Following the Tony-nominated revival of Lend Me a Tenor on Broadway, Ken Ludwig will debut his new play, A Fox On the Fairway, opening on October 12, at the Signature Theatre in Washington, DC. Directed by Tony Award winner John Rando (Urinetown), this madcap tribute to the great English high comedies of the 1930s and 1940s takes audiences to a private country club where mistaken identities and romantic entanglements—along with an over-the-top golf tournament—abound. Ken recently answered some questions about writing A Fox On the Fairway revealing why he loves British comedy, the process of creating comic characters, and why he tends to write happy endings.
Since your new play, A Fox On the Fairway, is a tribute to high comedies of the 1930s and 40s, what are your favorites from that era?
Some of my favorite light comedies from that period include A Cuckoo in the Nest and Rookery Nook, two of the “Aldwych farces” by Ben Travers. They’re called that because they were part of a series of farces that played at the Aldwych Theatre in London during the 1930s. Another of the farces in this series, Plunder, was a huge hit for the National Theatre when it was revived about 30 years ago. Other plays of this era that I love include When We Are Married by J.B. Priestley and See How They Run by Philip King. The greatest comedies of this period, in my opinion, are Coward’s Private Lives and Blithe Spirit and the Kaufman and Hart classics You Can’t Take It With You and The Man Who Came To Dinner. All of these plays are textbook examples of pure stagecraft at its best.
A Fox On the Fairway has the same feel as the high comedies of eras past, but it’s actually modern in both setting and humor...
I very consciously set it in modern times. Most of my plays are set in the past—often in the 30s sometimes in the 50s. These were periods that we envision as more trouble-free than our own and therefore more conducive to stories and characters who are happily crazed but less neurotic than characters we associate with modern comedies. I thought it would be fun to take this genre and try to apply it to our own day and age. The tricky part was coming up with a setting and I asked myself: where do we feel most trouble-free in the modern world? It seemed to me that a country club was a fair answer. We go there to get away from our troubles and relax and have a good time. And of course country clubs are riddled with social conventions and hierarchies, which are the backbone of good comedy.
Two of the lead characters in the play, Bingham and Pamela, have fantastic banter. Did you have anyone in mind when writing that dialogue?
I certainly had a certain type of comic character [in mind]. Bingham has a touch of Basil Fawlty of “Fawlty Towers” in him. He's a bit starchy and “British” in type—at least before he’s pushed to extremes by the situation. In many ways, that’s my favorite type of comic character to write about. It's a character of social pretensions; it gives you a framework to try to knock down. Saunders is like that in Lend Me A Tenor. And George Hay in Moon Over Buffalo. And even Leo in Leading Ladies. As for Pamela, she is also part of a long comic line for me. The Carol Burnett/Lynn Redgrave/Joan Collins role (Charlotte Hay) in Moon Over Buffalo is the beginning of the line for me. It’s a comic type that was historically a character part, not the lead, but I’ve brought her center stage for many of my plays. In A Fox On The Fairway, the character of Louise is also in a long line of roles that I’ve loved writing. She’s in the same family as Audrey in Leading Ladies and Lydia Lansing in Shakespeare in Hollywood —young, strong females who are madly attractive to young men and have a unique, innocent but surprisingly clever way of looking at the world.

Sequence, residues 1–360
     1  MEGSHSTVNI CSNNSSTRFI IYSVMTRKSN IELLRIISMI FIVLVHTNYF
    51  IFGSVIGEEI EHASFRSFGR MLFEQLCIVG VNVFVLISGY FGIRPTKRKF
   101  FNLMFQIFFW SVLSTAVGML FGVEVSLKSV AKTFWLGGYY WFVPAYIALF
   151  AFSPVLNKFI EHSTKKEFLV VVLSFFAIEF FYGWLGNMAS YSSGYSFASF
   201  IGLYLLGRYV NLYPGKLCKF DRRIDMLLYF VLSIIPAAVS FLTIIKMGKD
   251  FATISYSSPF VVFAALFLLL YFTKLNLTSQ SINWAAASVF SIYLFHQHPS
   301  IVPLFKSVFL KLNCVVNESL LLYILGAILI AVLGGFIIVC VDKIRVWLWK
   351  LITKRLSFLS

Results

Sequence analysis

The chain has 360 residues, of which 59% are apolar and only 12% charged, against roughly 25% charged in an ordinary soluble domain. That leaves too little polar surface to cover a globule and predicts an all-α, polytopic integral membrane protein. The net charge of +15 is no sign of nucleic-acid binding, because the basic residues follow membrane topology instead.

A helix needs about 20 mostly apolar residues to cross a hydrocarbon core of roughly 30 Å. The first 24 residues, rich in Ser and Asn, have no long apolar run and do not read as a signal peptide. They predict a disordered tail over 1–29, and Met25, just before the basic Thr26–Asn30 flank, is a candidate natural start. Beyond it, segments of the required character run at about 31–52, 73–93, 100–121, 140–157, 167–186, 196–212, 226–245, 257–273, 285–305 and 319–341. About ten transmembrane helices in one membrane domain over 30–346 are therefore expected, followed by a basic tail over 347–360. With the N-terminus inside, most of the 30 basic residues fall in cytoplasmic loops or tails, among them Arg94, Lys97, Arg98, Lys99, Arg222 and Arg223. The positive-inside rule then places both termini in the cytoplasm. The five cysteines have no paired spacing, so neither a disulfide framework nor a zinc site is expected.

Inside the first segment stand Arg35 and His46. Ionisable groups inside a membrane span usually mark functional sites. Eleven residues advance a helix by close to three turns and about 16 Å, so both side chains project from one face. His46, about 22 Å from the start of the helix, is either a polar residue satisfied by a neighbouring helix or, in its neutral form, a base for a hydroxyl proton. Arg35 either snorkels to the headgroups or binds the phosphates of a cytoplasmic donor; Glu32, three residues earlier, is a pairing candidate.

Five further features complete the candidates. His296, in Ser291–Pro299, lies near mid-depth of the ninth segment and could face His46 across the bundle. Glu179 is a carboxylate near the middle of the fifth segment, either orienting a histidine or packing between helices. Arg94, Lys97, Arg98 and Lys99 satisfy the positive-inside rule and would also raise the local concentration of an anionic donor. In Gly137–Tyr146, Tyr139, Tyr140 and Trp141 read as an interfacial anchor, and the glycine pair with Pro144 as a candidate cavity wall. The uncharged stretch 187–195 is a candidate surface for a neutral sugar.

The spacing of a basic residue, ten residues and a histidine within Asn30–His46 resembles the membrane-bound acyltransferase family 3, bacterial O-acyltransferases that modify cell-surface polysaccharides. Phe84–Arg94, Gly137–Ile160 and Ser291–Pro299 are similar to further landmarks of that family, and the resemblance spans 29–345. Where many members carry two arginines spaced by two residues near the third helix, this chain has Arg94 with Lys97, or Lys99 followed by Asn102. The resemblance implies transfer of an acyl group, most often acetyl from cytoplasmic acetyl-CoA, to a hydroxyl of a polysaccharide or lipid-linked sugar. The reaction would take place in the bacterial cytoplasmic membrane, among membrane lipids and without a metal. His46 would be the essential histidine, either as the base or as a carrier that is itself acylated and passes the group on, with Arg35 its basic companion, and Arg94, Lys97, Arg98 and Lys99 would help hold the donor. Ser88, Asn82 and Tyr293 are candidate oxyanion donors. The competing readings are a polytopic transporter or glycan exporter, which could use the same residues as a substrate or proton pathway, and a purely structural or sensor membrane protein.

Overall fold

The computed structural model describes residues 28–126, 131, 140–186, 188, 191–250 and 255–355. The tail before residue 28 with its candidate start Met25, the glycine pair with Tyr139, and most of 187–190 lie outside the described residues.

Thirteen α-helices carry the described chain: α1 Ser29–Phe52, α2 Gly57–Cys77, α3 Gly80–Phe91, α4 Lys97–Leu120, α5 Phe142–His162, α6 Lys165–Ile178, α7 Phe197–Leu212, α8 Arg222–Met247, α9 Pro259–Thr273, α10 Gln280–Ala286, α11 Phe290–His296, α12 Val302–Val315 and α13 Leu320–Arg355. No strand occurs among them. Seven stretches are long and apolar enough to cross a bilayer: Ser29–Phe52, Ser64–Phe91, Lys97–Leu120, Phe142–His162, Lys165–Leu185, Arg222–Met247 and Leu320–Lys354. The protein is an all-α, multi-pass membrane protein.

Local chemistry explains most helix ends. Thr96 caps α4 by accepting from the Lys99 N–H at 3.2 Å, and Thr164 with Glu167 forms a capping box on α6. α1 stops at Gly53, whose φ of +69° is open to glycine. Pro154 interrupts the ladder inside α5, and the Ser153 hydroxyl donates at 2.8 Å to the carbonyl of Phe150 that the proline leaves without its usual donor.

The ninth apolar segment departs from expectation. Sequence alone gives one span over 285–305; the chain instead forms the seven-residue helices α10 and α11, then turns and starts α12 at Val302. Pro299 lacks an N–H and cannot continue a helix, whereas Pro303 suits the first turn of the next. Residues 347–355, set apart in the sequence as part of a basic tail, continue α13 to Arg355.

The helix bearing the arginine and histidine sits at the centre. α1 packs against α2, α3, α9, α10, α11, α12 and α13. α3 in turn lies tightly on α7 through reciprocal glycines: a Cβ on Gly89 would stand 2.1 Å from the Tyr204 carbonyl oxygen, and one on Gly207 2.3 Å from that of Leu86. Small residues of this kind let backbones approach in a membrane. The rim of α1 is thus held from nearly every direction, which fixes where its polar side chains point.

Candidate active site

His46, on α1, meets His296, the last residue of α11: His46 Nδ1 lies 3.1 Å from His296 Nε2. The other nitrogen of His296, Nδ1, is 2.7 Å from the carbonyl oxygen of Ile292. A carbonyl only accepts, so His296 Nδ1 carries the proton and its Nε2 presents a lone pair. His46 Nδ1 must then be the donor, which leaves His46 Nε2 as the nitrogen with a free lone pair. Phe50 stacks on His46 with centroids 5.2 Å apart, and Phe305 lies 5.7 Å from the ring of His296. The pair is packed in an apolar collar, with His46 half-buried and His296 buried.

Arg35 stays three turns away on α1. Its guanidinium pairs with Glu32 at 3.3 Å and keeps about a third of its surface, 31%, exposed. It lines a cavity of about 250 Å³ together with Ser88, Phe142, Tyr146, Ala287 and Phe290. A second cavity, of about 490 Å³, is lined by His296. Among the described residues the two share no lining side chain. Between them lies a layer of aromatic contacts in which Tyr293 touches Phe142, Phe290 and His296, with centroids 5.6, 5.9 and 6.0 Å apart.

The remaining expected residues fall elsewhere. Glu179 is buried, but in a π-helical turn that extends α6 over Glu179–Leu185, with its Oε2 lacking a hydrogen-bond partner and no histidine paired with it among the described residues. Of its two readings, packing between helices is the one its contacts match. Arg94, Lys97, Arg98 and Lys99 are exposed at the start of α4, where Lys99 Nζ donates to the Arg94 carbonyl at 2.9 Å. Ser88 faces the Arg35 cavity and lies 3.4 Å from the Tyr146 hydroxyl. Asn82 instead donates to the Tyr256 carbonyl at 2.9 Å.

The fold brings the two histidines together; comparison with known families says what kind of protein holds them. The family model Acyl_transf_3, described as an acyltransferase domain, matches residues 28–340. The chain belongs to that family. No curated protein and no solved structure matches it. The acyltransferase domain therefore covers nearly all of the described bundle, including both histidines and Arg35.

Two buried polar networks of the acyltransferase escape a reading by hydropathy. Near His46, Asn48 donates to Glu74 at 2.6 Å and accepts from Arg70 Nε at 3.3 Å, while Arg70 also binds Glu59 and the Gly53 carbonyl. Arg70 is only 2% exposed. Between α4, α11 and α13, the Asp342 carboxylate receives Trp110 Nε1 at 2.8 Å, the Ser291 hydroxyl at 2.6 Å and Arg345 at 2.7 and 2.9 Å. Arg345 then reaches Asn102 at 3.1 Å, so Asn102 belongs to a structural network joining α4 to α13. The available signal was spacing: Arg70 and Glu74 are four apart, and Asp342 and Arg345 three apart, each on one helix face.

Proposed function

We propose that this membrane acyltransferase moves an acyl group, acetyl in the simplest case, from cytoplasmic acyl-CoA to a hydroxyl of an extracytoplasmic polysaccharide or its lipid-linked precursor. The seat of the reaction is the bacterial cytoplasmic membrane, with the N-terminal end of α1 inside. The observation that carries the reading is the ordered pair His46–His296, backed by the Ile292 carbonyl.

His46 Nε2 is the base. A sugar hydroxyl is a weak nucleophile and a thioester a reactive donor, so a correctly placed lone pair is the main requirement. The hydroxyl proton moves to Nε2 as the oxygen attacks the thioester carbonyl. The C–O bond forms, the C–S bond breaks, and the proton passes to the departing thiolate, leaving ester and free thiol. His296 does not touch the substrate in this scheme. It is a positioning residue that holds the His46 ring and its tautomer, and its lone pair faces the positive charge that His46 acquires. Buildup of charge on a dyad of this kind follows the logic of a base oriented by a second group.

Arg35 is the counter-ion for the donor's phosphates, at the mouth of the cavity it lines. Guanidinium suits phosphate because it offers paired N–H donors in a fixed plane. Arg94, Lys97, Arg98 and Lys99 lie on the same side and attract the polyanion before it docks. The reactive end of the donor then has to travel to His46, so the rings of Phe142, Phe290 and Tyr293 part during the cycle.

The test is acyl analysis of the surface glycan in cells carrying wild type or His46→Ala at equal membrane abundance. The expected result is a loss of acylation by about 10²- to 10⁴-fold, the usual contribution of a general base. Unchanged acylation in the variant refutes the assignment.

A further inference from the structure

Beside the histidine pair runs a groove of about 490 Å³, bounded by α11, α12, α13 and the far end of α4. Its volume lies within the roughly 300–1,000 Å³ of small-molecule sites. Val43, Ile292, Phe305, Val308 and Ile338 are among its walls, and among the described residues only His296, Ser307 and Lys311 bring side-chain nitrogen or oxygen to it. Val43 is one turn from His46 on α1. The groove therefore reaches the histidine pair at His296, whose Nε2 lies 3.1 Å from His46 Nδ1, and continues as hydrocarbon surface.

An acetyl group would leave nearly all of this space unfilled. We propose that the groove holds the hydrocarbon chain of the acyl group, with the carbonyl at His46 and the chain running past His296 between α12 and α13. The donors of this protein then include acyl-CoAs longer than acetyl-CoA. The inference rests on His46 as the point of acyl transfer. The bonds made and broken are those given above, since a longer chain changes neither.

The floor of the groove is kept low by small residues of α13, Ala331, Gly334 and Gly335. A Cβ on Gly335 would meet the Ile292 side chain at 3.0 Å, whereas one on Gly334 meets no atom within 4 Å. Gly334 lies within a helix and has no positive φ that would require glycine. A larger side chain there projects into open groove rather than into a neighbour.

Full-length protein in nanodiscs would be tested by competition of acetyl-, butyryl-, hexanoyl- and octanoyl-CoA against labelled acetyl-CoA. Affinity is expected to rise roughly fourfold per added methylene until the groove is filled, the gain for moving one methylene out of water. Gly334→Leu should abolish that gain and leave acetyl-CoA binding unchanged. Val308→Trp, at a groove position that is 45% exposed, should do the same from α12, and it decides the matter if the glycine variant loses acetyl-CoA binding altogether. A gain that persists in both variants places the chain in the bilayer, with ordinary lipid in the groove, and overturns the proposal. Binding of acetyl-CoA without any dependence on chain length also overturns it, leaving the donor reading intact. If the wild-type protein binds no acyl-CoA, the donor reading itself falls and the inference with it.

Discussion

Bingham and Pamela are older and wiser, and they are juxtaposed to two characters that are younger and still unformed. The characteristics of both sets of duos seem to intermingle throughout the course of the play. Was this intentional?
Absolutely. The play is really about love – and the joys and angst and craziness of love—in two different eras of our life. One is in the first blush of youth when we’re in our early 20s; and the other is when we have a second chance at life in our mid—40s. The second moment is represented by one couple: the seemingly-starchy director of the country club (Henry Bingham), and a sophisticated seen-it-all member of the club, Pamela, two people who, in the course of the play, reconnect after twenty years of just missing each other. The younger moment in the play is represented by a second couple: Bingham’s new assistant, Justin, a sort of walking, good-natured train-wreck who is desperately in love with one of the waitresses at the club’s tap room. In the comic context of the play, when the world starts falling apart (as it always does in some way in a comedy) the older couple revert to their sexually-charged post-pubescent selves, while the younger set just try to cope with crisis after crisis. By the end, as in the high comedies of the 1930s and 40s, it is desperation that fuels the comedy. And of course it’s always when we think we have our lives in good shape and cared for that they start falling apart, which is at the root of the comic impulse.
High comedies tend to have happy endings, as do many of your plays. Is this something you strive for in your work?
The author Louis Kronenberger had a wonderful thing to say about comedy: “Comedy is not just a happy as opposed to an unhappy ending, but a way of surveying life so that happy endings must prevail.” I try to create worlds where we can ultimately see some sanity and worth in our existence. I try to push the ball towards a sense of hope and belief in the humanity of our neighbors. In that kind of world there will be a happy endings because, as Kronenberger says, it’s a natural result of that way of looking at life.